In the yurt where I stay there’s a composting toilet, a pretty ingenious self-contained unit that uses zero water. After you go you pour in a cup of sawdust, and a handle pops out that you can turn to rotate the inner drum every couple of days. The toilet plugs into the wall. A fan simultaneously cools the contents and ventilates the smell through a pipe outside. Considering that it turns shit into a smaller amount of more useful shit, the toilet requires very little maintenance. Until, that is, the power goes out, like it did before I came up this week.
I get in on Monday and a dozen flies are hanging around in the bathroom, a dozen more would appear over the course of the next couple days. I reset the breaker and go into fly-control mode, attacking them with the hose of the vacuum cleaner and eventually a fly swatter I buy from a supermarket in Catskill. I murder flies in interstitial moments, while I’m waiting for water to boil and oatmeal to meal. I think about it constantly and when I write. It is a steady fixation.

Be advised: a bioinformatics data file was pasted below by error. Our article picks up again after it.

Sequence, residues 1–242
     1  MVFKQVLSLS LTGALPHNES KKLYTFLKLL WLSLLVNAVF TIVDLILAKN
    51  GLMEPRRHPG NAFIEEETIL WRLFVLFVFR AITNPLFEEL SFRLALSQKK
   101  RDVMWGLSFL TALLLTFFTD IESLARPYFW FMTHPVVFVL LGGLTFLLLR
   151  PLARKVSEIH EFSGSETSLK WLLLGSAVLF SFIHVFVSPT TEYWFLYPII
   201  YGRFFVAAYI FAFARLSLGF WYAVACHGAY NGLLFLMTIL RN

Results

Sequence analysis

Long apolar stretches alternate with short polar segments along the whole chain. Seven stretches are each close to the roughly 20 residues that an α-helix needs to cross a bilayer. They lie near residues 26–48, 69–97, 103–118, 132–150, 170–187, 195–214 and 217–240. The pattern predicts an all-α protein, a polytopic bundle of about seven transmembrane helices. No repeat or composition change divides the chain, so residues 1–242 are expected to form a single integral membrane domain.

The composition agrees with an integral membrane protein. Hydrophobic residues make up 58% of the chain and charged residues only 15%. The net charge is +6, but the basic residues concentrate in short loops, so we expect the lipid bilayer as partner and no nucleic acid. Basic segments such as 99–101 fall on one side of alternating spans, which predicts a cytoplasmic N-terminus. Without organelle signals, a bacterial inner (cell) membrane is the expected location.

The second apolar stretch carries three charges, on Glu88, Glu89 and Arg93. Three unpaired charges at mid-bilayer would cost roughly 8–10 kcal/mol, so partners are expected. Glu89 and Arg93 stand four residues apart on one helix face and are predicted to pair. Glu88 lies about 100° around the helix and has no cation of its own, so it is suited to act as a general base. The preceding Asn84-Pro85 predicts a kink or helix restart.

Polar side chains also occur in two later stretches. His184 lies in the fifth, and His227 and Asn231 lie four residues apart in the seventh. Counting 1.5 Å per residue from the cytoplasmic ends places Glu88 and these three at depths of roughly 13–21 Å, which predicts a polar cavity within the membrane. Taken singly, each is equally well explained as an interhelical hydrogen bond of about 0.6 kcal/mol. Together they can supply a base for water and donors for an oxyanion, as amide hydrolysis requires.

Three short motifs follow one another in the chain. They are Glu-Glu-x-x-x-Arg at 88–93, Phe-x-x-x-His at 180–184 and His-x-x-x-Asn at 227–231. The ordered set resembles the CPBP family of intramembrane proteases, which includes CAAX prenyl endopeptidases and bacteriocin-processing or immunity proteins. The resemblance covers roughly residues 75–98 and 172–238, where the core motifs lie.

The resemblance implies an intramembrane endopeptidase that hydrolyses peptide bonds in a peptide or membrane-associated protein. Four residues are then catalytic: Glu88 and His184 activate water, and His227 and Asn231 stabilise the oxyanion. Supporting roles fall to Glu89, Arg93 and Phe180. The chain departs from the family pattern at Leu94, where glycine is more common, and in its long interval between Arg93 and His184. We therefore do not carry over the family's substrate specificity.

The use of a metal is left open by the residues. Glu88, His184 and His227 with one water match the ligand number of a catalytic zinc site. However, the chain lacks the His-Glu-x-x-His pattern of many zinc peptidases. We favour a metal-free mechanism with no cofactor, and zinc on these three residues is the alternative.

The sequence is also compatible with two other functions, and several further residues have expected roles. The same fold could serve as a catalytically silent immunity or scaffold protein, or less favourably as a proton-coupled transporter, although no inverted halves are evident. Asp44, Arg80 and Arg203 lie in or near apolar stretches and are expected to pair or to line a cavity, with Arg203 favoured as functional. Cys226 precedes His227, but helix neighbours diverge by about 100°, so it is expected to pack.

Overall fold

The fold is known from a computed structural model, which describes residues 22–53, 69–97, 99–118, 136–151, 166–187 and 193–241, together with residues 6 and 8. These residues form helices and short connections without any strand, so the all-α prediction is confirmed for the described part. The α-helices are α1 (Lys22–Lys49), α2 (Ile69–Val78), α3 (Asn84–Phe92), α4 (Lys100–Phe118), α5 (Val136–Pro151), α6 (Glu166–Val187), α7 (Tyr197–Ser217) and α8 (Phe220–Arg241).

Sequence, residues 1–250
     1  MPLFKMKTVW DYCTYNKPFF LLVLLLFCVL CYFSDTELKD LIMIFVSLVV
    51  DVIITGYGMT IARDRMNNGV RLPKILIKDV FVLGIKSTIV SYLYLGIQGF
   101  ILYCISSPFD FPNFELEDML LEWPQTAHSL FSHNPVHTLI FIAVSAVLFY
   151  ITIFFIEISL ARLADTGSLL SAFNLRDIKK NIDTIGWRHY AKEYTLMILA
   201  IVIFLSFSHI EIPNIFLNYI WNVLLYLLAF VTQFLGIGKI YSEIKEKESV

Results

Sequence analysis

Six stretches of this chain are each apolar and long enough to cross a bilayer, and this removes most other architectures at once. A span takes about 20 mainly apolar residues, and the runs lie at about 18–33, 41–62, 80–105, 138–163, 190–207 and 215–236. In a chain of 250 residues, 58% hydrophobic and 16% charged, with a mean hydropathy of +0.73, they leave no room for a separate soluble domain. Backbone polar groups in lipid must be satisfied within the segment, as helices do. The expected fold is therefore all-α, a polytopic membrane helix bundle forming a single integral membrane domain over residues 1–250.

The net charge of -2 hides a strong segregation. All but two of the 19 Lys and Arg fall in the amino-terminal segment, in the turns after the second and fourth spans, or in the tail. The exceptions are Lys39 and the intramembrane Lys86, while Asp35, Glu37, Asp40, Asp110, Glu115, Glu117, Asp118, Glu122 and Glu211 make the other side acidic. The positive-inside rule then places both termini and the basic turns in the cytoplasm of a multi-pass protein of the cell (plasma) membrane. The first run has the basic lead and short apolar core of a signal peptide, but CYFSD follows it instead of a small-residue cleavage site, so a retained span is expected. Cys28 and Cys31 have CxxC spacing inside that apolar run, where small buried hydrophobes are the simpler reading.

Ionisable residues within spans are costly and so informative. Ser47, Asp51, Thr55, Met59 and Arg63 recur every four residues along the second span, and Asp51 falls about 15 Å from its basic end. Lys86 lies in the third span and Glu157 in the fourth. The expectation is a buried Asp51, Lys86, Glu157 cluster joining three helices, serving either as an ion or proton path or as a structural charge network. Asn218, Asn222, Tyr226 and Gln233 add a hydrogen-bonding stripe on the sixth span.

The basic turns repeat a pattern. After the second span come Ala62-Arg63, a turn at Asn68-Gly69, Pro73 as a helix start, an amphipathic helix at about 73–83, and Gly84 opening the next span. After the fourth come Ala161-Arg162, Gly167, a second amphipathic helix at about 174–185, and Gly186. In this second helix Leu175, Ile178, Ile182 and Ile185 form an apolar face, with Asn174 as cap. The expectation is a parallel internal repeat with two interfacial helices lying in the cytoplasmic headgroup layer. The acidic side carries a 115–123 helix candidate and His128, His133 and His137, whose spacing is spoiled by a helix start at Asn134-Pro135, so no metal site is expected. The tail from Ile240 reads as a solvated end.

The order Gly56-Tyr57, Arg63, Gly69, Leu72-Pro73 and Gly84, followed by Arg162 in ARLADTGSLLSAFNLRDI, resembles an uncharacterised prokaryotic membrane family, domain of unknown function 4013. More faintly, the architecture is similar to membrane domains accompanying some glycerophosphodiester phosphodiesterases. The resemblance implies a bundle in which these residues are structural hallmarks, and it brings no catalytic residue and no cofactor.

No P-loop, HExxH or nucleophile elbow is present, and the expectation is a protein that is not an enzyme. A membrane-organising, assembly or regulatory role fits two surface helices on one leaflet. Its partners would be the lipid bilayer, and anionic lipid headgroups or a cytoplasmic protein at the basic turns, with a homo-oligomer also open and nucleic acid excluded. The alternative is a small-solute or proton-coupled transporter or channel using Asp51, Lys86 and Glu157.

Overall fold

Say what you will
about protecting all life.
Horses swat at flies
so why can’t I?
And I don’t even
need a pony tail.
One or two still escape the toilet every time I lift open the lid. I need to be thinking about fly-prevention. I talk to Ward, who owns the property, and he has powdered boric acid for me to mix into the drum to kill the larvae. First, he says, I should empty the toilet. So I empty the toilet. I dump trayfuls into a wheelbarrow and wheel it out to a mound near the back of the property. I wash my hands and disinfect all the things. I wanted to be closer to nature and here I am.